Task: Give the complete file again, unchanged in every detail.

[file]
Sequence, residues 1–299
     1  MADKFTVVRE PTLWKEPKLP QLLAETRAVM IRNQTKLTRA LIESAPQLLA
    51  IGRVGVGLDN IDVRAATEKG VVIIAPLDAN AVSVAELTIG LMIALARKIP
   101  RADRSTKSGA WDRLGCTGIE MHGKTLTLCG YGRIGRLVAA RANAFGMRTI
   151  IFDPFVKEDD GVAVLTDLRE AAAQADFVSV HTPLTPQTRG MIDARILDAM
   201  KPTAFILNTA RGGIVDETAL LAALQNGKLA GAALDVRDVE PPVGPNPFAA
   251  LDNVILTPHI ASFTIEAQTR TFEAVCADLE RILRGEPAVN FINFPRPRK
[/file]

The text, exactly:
Sequence, residues 1–299
     1  MADKFTVVRE PTLWKEPKLP QLLAETRAVM IRNQTKLTRA LIESAPQLLA
    51  IGRVGVGLDN IDVRAATEKG VVIIAPLDAN AVSVAELTIG LMIALARKIP
   101  RADRSTKSGA WDRLGCTGIE MHGKTLTLCG YGRIGRLVAA RANAFGMRTI
   151  IFDPFVKEDD GVAVLTDLRE AAAQADFVSV HTPLTPQTRG MIDARILDAM
   201  KPTAFILNTA RGGIVDETAL LAALQNGKLA GAALDVRDVE PPVGPNPFAA
   251  LDNVILTPHI ASFTIEAQTR TFEAVCADLE RILRGEPAVN FINFPRPRK